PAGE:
All too often I get upset with myself because I just can’t get it all done — and then someone will (hopefully) come along and remind me that making my own meals is a pretty radical act itself, let alone all the other bits I do manage to accomplish.
I love this post because it gives us “permission” (of sorts) to find the grey area that works for now. We’ve just added one thing at a time, slowly over several years, slowly weaning me off of employment. For us, making one change at a time make the “transition” into one-income-gardening-cooking-DIYers manageable and even a little exciting.
Thanks, again, for your realism and practicality!
99% of home impact happens in the bedroom.
Contraception is the best thing you can do for the environment.
This whole post is wonderfully helpful and I thank you for it. I especially want to thank you for introducing me to Mr. Money Mustache. I’ve been reading his site like crazy since clicking on your link. I’m completely inspired and motivated and feel a sense of hope and optimism about finances (but kinda sorta everything?) now. So thank you very much!
Great post. Thanks. I’m a full time grad student, married to a full time soon-to-be graduating student. We have a young son, and I’m a T.A. We take advantage of this wonderful community garden some neighbors set up on their property. This is exciting for us apartment dwellers. But, just before reading this post, we were beating ourselves up because we only watered our plot once this week. The plants look fine, are flowering, and doing their plant thing. But… “we didn’t water! We should just not do the garden next year…right?” Your post helped bring us back to earth. Literally. As long as the plants are thriving, and more importantly as long as our family is thriving, with what we’re doing, then I suppose we’re moving in the right direction. I finally ventured out from jams this year and started canning savory pantry items. My family loves it. It’s hard to fit canning in between writing 30 page papers and grading midterm exams. But watching my wife and son go through a whole batch of dilly beans with smiles on their faces and songs in their hearts is just ….so rewarding. Your readers’ advice is as helpful as your own. Balance is key. Do what you can (pun intended). Keep adding steps as you can. Enjoy life. Not always easy, but pretty straightforward. Thank you all.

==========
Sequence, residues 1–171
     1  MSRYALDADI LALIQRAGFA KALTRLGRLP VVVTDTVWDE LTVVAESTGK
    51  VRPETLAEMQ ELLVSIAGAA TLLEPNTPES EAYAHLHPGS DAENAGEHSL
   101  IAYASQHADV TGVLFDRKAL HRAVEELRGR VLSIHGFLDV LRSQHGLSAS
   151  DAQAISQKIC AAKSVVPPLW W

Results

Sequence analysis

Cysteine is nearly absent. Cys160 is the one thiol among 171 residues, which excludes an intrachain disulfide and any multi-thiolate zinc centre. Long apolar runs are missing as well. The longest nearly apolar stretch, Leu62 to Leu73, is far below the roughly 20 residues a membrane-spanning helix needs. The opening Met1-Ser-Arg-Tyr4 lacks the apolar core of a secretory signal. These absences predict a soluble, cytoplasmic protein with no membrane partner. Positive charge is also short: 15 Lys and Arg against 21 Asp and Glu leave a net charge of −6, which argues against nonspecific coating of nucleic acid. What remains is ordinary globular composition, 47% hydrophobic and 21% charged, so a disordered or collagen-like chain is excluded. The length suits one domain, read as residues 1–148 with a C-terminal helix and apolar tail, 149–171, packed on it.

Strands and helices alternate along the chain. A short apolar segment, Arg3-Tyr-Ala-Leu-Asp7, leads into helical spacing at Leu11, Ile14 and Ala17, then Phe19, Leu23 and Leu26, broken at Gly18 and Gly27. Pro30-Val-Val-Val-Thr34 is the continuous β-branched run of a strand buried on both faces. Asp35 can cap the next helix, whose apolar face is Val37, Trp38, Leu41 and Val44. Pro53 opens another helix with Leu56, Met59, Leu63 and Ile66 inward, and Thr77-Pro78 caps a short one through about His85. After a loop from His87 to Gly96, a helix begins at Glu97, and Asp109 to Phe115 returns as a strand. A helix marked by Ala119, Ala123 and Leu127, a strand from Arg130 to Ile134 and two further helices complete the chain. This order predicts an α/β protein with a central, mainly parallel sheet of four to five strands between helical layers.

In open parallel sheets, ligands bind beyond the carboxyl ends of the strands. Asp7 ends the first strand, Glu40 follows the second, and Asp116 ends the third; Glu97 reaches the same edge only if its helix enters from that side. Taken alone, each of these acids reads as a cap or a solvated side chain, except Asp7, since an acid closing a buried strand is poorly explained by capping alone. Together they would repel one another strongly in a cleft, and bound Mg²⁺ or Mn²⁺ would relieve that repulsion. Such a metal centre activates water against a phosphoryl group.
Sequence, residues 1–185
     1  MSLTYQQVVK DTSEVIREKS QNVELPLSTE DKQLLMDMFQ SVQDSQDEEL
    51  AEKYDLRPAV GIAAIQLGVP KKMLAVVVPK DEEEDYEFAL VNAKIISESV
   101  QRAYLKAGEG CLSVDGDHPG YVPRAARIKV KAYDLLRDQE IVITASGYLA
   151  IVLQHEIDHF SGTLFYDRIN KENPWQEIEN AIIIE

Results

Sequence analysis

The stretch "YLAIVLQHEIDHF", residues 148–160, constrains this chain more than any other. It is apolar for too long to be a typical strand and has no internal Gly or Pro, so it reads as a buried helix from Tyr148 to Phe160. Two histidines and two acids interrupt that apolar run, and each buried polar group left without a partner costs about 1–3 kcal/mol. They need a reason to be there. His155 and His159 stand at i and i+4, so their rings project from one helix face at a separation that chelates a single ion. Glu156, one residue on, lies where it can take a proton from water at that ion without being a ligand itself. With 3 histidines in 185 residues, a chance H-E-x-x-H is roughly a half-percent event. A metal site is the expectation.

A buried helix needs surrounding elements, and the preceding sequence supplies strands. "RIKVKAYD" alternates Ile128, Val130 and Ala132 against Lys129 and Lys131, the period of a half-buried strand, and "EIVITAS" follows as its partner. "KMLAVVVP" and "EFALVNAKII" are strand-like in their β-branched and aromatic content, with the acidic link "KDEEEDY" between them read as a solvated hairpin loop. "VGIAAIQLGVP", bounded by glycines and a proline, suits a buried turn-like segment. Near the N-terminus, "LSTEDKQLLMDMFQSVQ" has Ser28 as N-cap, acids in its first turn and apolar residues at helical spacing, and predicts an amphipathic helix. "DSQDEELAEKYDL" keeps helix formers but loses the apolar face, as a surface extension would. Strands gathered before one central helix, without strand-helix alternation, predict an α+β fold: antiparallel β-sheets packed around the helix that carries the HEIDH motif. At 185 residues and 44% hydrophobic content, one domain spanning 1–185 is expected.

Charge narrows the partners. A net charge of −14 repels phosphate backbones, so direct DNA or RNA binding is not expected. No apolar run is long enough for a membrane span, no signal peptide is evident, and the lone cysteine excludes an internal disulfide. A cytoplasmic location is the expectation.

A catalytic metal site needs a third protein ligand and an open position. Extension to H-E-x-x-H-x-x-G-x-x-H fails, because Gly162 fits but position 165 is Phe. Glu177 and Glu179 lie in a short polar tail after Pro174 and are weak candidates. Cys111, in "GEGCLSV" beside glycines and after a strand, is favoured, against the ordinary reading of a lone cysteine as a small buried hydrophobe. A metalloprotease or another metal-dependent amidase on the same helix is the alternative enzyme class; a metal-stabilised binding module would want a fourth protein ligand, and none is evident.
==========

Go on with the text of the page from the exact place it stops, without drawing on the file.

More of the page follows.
Julia Hernandez says
Hi Erica. Can it be three weeks since I sent you that email? Thanks for the post. I realize right now that I need to start at getting my family on board in the first place. Or figure out what my own next step is to living my own values.
I hope you don’t mind if I linked to you? It just makes it easier to find your website…but if you prefer I don’t, I will remove it.
Those Rubbermaid bins look sweet. Not sure if there’s any open-to-public restaurant supply stores around me, but even on Amazon those are cheaper than the Oxo Pop-ups I have been buying.
Denise G Trowbridge says
Wow. Well said.
As a working mom with two crazy boys (6 and 7), and a half acre with fruit trees and veggie gardens, I second everything said here. None of us can do it all. We have to pick and choose. We have to prioritize. We grow 80 percent of the veggies we eat from May to October, can all of the tomato/pizza/pasta sauce and every bit of jam we eat all year round. It’s taken a long time to get to this point, and I STILL aren’t close to where I want to be. You’ve got to take it a little bit at a time, and add more on as life allows. We could always do more, but hey, we have to enjoy life too!